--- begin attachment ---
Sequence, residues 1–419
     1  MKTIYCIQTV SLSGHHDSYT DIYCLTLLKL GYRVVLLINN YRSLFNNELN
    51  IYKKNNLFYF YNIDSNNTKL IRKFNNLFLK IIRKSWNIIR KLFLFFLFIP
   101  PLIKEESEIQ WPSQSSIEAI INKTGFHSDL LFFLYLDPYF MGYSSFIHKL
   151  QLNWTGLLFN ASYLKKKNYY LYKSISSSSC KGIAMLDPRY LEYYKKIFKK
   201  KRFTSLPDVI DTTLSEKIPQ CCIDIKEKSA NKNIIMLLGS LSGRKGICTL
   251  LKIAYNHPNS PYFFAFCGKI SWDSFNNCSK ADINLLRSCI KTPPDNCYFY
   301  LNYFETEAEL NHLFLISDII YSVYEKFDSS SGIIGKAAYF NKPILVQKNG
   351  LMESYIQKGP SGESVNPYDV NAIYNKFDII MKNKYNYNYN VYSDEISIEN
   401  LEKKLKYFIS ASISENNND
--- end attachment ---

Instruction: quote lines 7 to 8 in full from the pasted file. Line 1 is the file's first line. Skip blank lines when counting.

   251  LKIAYNHPNS PYFFAFCGKI SWDSFNNCSK ADINLLRSCI KTPPDNCYFY
   301  LNYFETEAEL NHLFLISDII YSVYEKFDSS SGIIGKAAYF NKPILVQKNG